Can German Engineering Solve The Challenges Of Fusion?

Last month the German government announced an additional €370m in funding for nuclear fusion research and development. This brings the total budget earmarked for the next five years to €1bn. So is Germany about to take a leap forward in fusion engineering?

“We want to create a fusion ecosystem with industry, so that a fusion power plant in Germany becomes reality as quickly as possible,” said Minister of Research, Bettina Stark-Watzinger.

Sparking a fusion reaction and keeping it going needs immense temperature and pressure, and will require technology that is yet to be invented.

Marvel Fusion, one of four German fusion start-ups, has chosen to build its laser fusion facility in the US. The company’s chief executive, Moritz von der Linden, said it was “a disadvantage” to be based in Germany.

They believe Germany’s tradition of engineering excellence and world-class nuclear fusion research leaves the nation well-placed to drive reactor development.

“I think Germany has a really good story to tell on nuclear fusion,” says Dr Arthur Turrell, author of The Star Builders: Nuclear Fusion and the Race to Power the Planet.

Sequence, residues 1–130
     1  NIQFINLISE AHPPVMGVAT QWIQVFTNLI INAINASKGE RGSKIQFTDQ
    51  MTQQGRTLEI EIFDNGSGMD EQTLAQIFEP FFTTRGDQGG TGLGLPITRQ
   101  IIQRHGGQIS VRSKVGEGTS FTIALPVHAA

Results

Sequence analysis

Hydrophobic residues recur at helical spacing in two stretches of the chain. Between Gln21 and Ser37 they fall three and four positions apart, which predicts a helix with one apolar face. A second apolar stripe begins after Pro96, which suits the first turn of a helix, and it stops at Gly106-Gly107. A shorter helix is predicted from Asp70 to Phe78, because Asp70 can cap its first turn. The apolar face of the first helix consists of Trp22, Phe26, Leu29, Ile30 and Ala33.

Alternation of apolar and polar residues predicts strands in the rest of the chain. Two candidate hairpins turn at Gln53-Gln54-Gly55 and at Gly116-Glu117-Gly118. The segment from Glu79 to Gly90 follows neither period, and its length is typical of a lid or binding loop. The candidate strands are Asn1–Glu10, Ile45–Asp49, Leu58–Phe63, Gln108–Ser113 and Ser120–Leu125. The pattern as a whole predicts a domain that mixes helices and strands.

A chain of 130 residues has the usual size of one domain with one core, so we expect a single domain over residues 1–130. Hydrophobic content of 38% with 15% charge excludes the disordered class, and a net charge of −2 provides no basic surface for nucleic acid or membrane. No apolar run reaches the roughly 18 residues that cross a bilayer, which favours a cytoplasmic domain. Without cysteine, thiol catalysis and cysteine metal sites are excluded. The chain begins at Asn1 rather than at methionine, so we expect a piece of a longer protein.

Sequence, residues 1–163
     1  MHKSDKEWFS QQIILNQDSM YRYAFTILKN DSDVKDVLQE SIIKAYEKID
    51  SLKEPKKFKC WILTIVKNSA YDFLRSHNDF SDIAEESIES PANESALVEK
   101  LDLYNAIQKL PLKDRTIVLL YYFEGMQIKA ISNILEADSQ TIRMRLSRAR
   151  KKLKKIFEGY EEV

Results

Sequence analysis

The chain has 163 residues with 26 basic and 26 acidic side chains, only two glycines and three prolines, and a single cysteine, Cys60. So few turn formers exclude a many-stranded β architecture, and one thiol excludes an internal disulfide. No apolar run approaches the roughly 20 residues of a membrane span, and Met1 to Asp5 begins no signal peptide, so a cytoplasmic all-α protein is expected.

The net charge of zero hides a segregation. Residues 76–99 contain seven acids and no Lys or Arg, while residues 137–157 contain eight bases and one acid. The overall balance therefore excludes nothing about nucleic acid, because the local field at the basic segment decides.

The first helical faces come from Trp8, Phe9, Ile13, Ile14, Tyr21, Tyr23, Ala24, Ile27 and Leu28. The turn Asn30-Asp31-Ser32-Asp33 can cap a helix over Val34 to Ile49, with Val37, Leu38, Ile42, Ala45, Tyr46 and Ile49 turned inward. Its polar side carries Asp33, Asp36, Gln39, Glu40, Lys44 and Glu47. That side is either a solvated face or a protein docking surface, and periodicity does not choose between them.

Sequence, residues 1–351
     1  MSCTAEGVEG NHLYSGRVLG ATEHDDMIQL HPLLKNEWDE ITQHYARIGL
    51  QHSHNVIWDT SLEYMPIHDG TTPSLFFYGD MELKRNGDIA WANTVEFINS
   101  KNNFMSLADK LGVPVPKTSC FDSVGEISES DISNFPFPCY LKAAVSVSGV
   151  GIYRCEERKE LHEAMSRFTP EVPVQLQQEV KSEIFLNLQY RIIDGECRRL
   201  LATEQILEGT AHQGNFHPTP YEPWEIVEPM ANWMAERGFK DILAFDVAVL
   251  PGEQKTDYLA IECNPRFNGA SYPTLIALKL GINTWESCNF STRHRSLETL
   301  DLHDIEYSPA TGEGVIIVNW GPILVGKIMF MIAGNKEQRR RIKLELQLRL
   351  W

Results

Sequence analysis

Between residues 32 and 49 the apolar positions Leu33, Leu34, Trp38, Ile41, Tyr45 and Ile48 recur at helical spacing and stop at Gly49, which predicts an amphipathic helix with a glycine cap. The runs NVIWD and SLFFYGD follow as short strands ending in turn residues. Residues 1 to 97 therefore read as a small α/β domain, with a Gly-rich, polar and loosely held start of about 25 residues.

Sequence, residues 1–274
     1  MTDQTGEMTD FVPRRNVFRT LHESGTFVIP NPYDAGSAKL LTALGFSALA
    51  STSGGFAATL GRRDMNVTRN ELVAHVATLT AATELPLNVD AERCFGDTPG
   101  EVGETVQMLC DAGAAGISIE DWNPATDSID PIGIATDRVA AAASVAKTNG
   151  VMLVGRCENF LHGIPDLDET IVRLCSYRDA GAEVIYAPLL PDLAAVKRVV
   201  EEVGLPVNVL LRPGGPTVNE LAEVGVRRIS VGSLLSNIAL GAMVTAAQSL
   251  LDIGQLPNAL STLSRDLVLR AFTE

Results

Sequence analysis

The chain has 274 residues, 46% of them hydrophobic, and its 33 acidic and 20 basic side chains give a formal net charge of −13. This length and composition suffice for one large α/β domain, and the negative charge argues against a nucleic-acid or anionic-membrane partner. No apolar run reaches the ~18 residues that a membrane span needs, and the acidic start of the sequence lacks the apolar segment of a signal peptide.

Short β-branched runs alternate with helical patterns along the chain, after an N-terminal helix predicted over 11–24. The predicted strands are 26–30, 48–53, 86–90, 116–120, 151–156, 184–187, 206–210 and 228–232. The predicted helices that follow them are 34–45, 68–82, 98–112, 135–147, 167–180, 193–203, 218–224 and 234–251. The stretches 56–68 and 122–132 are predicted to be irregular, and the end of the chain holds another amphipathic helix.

“It’s home to one of the most exciting fusion experiments in the world, the Wendelstein 7-X.”.

“Some of the great breakthroughs, and really interesting experiments, have come out of Germany and out of German support for fusion and they’re involved in a lot of international collaborations too.” Milena Roveda, chief executive of Gauss Fusion, agrees that Germany has the potential to play a pivotal role in making fusion energy a reality.

“Two of the greatest fusion research devices are in Germany. We have excellent physicists. In Germany, nothing [is lacking] except to say, ‘Okay, we’ll do it now’.”

“I am convinced that we would already have fusion power on the grid here [in Germany] if industry had taken a role in this before,” she says.

Headquartered in Hanau, near Frankfurt, Gauss Fusion’s roadmap sees the company opening fusion power plants by the beginning of the 2040s. Others also see the collaboration between research institutes and private enterprise as the pathway to get fusion power online as quickly as possible.

“I think 20 years is an aggressive but realistic timescale,” says Tony Donné, chief executive at EUROfusion, a European consortium of 30 fusion research institutes.

“Research engineers from the institutes think about the design and functionality but manufacturability is very low on their agenda. Ultimately, it needs to be industry who builds the reactors and the first fusion power plants,” says Mr Donné.

” many private fusion companies promise fusion in five to ten years.

Several German companies already engineer individual components for fusion research, such as the optics used in laser experiments, and this is where Mr Donné thinks many may end up contributing to fusion reactors in the long-term.